Using recent archaeological findings and little-known archival material, Wang Zhenping introduces readers to the world of ancient Japan as it was evolving toward a centralized state. Competing Japanese tribal leaders engaged in "ambassador diplomacy" and actively sought Chinese support and recognition to strengthen their positions at home and to exert military influence on southern Korea. Wang brings diplomatic history to life in his descriptions of the diplomats and their personalities and literary talents as well as their ambitions and frustrations. He explains in detail the rigorous criteria of the Chinese and Japanese courts in the selection of diplomats and how the two prepared for missions abroad. He journeys with a party of Japanese diplomats from their tearful farewell party to hardship on the high seas to their arrival amidst the splendors of Yangzhou and Changan and the Sui-Tang court. The depiction of these colorful events is combined with a sophisticated analysis of premodern diplomacy using the key concept of mutual self-interest and a discussion of two major modes of diplomatic communication: court reception and the exchange of state letters. Wang reveals how the parties involved conveyed diplomatic messages by making, accepting, or rejecting court ceremonial arrangements.
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"This splendid work, with its well-selected illustrations and copious and stylish translations, covers in detail the relations between China and Japan during the long period from late Han until the end of the Tang. It presents a new and convincing interpretation of the "Chinese Tribute System," which the author sees not as a system of submission to the Chinese ruler, but as a relationship voluntarily accepted and based on mutual self-interest. It lets us see medieval diplomacy between the two countries, and the individuals involved, in vivid detail and with a new clarity."—Denis Twitchett, professor emeritus, Princeton University, co-editor of The Cambridge History of China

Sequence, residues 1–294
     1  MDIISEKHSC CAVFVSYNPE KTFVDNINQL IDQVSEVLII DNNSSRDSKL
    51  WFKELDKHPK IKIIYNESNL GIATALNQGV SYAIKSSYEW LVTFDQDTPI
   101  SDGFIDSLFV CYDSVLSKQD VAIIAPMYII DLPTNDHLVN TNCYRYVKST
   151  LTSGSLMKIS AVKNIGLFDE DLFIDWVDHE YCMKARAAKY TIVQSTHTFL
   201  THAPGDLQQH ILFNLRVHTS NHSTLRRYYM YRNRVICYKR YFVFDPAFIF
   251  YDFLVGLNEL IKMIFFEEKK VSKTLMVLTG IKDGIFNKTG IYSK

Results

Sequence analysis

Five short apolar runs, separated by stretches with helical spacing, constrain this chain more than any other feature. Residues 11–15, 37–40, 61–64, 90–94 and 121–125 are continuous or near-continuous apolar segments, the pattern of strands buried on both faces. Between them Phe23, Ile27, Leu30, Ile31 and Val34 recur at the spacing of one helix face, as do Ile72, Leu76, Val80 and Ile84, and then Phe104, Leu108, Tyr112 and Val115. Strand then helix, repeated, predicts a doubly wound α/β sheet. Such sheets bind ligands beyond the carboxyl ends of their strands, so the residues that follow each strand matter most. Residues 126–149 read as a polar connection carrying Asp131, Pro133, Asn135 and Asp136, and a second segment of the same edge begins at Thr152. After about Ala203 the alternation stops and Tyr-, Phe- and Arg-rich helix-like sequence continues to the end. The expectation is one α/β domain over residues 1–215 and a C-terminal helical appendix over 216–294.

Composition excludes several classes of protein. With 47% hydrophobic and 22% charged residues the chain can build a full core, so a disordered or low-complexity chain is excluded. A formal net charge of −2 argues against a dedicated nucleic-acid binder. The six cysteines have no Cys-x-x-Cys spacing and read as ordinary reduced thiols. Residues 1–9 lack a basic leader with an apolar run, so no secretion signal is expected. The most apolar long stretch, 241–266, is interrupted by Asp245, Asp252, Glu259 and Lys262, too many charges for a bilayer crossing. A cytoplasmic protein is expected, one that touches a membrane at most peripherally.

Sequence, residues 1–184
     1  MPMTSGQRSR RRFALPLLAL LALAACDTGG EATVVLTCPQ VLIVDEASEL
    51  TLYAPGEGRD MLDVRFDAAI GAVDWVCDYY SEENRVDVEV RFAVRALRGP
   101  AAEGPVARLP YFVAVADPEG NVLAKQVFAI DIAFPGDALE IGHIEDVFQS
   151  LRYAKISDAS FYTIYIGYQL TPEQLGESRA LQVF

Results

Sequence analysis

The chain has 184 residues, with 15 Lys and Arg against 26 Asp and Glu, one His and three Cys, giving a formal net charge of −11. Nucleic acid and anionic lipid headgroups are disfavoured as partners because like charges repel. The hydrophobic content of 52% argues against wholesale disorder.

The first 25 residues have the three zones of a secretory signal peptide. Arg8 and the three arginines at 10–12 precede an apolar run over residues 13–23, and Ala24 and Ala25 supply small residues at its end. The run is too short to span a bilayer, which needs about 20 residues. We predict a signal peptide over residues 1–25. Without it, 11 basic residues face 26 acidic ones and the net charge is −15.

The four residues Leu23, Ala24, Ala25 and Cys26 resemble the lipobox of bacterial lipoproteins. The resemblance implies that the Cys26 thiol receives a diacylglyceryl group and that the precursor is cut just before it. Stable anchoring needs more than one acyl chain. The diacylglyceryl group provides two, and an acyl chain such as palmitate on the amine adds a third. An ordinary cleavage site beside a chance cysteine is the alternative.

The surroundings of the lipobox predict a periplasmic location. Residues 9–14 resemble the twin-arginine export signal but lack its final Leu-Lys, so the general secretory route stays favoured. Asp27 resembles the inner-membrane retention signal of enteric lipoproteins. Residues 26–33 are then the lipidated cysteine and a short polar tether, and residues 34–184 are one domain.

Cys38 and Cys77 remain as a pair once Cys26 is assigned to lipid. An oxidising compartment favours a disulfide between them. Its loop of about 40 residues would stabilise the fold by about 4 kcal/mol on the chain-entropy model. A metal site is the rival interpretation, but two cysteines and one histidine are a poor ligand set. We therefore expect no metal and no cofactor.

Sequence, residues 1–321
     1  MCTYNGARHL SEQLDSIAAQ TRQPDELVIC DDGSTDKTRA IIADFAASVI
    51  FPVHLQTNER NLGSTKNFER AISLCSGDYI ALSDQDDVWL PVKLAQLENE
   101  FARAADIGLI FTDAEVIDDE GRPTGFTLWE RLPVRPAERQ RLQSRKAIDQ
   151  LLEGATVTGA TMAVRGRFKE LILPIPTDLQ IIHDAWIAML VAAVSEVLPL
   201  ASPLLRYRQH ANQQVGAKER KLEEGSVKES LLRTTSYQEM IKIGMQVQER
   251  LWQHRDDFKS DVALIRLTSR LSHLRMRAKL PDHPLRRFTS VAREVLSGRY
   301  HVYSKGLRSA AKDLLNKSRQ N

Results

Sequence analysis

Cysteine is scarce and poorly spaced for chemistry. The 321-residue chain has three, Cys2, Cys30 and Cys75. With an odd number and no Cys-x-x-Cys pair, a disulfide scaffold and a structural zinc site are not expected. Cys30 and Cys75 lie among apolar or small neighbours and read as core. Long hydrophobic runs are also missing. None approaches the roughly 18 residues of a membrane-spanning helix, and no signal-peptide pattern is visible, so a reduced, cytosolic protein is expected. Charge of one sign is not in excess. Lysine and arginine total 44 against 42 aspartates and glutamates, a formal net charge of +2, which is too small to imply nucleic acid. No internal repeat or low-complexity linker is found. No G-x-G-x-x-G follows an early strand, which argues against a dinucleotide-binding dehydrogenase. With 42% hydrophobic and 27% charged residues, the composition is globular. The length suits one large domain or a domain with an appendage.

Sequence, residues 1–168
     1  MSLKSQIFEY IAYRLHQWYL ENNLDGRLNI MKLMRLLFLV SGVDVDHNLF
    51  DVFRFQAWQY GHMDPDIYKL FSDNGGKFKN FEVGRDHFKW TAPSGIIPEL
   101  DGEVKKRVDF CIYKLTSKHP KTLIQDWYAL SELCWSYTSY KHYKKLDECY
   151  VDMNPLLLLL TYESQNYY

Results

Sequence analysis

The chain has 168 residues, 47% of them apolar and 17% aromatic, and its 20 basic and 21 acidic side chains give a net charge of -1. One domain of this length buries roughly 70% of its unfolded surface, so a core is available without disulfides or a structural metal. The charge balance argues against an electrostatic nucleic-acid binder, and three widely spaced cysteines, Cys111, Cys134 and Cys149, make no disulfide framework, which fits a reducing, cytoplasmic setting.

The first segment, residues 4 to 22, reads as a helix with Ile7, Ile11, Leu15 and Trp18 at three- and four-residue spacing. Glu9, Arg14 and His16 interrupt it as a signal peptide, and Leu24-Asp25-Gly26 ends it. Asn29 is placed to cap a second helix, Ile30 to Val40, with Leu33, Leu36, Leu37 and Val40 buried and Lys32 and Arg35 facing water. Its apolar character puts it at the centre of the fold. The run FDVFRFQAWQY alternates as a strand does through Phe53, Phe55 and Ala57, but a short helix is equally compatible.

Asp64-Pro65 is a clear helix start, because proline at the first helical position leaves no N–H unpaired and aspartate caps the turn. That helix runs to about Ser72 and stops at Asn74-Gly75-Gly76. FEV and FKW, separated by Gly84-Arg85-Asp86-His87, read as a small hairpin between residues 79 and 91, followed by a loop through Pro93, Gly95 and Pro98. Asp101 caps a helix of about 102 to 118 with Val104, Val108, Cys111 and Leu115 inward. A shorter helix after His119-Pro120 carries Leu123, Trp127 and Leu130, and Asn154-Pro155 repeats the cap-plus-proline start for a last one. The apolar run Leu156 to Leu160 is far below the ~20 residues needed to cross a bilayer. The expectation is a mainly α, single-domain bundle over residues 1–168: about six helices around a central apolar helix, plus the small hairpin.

"Ambassadors from the Islands of the Immortals provides, in wonderful detail, the inside story of a series of important embassies sent from the Japanese islands to Sui and Tang China. These missions shaped the future course of Japanese history. Through them Japan learned the details of Chinese imperial rule, government institutions, tax systems, Buddhist and Confucian ideas, art, and architecture. Zhenping Wang, who is equally fluent in the Japanese and Chinese documentary sources, weaves from a wide range of texts the clearest analysis yet of these missions. Challenging the standard approach, which emphasizes the Chinese rulers insistence on tributary relations, Professor Wang stresses the importance of reciprocity and mutual self-interest in the international relations of the period."—Martin Collcutt, Princeton UniversityAbout the Author:
Wang Zhenping is associate professor at the National Institute of Education, Nanyang Technological University, Singapore.
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Descrizione libro University of Hawaii Press, 2005. Hardcover. Condizione libro: New. Codice libro della libreria P110824828712